According to the CEO of blockchain development agency Labrys, Lachan Feeney, approximately 45% of all Ethereum blocks that are currently an MEV relay have passed flash validation and are compliant with US sanctions.
In an interview with Cointelegraph on September 30, Finney noted that while it was reported that 25% of all post-merger blocks verified were compliant with U.S. sanctions, this is a lagging figure and the current number is likely closer to one than any other block. .
Feeney noted that MEV-Boost relays are regulated companies, often based in the United States, that “control certain transactions in the blocks they create, specifically Tornado Cash transactions.”
The CEO also noted that there is a financial incentive for auditors to use the MEV-Boost relay, which will result in a slight increase in usage, noting:
“The problem, from the auditor’s point of view, is that these guys are sort of paying them to do it. So if you want to make more money, just enable this feature, and as a test, you kind of increase your income.”
The MEV-Boost relays are the primary devices designed to efficiently extract the Maximum Extractable Value (MEV). Since Flashbots are the most common, MEV-Boost relays effectively allow validators to outsource block production and sell the right to create a block to the highest bidder.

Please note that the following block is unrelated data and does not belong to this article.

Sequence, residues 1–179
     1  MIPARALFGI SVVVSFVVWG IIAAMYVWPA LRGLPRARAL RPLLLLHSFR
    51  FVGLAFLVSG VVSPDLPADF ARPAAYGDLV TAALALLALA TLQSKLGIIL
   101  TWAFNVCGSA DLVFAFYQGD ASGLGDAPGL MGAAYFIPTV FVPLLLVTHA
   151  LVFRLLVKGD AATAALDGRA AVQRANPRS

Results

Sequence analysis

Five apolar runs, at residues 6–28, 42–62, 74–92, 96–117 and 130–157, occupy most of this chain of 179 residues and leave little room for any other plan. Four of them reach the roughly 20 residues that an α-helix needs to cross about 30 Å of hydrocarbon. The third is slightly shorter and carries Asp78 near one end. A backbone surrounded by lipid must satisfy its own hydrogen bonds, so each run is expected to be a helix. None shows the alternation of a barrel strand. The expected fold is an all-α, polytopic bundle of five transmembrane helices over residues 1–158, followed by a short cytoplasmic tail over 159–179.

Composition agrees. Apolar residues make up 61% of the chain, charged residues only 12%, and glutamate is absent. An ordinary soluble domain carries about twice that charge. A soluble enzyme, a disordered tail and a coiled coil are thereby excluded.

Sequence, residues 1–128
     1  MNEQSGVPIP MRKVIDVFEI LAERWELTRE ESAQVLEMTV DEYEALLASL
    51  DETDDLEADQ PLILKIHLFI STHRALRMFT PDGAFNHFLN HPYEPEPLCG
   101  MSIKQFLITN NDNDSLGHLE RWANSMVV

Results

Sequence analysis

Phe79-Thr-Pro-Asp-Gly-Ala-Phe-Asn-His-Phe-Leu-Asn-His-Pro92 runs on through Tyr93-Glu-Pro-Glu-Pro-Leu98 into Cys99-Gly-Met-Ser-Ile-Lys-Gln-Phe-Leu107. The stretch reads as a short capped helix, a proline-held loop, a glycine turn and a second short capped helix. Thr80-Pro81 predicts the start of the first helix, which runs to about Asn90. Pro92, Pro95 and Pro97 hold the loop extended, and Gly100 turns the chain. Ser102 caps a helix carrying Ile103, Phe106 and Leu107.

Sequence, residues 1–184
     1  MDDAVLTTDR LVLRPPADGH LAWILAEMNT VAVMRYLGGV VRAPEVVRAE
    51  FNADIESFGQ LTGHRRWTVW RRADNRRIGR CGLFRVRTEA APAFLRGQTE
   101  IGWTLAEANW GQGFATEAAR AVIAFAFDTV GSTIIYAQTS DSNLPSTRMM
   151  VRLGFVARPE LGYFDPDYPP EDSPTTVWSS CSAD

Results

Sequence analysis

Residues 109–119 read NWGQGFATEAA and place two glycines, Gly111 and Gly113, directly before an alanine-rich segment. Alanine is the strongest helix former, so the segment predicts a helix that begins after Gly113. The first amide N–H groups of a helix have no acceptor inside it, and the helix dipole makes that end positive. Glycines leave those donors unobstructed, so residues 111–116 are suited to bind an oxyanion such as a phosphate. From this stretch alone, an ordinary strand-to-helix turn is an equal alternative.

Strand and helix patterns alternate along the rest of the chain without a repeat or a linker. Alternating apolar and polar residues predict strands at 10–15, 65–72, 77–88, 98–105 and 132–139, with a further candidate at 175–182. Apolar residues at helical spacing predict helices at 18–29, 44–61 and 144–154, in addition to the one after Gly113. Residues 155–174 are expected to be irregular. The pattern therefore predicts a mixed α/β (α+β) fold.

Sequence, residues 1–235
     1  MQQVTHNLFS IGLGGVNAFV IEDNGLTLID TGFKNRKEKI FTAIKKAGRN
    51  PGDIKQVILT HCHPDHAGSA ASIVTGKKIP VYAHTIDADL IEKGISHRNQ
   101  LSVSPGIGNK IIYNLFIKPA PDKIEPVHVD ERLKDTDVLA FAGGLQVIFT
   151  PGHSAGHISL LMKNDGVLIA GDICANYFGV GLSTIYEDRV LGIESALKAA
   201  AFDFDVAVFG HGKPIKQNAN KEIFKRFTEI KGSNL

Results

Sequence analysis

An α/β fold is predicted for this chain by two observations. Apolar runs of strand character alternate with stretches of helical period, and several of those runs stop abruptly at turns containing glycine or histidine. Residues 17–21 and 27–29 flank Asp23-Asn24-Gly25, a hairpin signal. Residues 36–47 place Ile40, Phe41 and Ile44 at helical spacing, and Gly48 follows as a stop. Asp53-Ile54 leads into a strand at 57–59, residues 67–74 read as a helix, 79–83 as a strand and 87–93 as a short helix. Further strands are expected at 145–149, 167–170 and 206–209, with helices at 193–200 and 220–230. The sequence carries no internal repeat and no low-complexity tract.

On September 28, Labrys released the MEV Watch tool, which can inform auditors about MEV-Boost relays that comply with OFAC sanctions. Referring to the tool’s motivation, Finney said:
“We’re just trying to get the attention of those who don’t realize that by running this program, they are probably contributing to network censorship.”
Finney noted that the worst case is often called strict censorship, where “nodes will be legally forced to ignore any block that has any of these transactions.”
“This means that no matter how long you wait, no matter how much you pay, you will never reach the point where these authorized transactions are included in the blockchain,” he explained.
He also noted that even in the case of soft censorship, when authorized transactions are eventually verified, it can take several hours and require high-priority fees, resulting in an unsatisfactory user experience.
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These findings were backed up by Ethereum researcher Tony Warstetter, who published a paper on September 28 indicating that of the 19,436 blocks confirmed by the Mev-Boost Relay Flashbot, none were involved in the Tornado monetary transaction.
How many blocks of different MEV Boost relays contain Tornado Cash transactions. Source: Tony Warstatter.
Concerns about censorship were widespread prior to the merger. Speaking to Cointelegraph, Coby Moran, principal researcher at crypto compliance and forensics firm Merkle Science, noted that the high cost of being an auditor could lead to audit nodes bundling into larger crypto firms that are more vulnerable to this. government sanctions.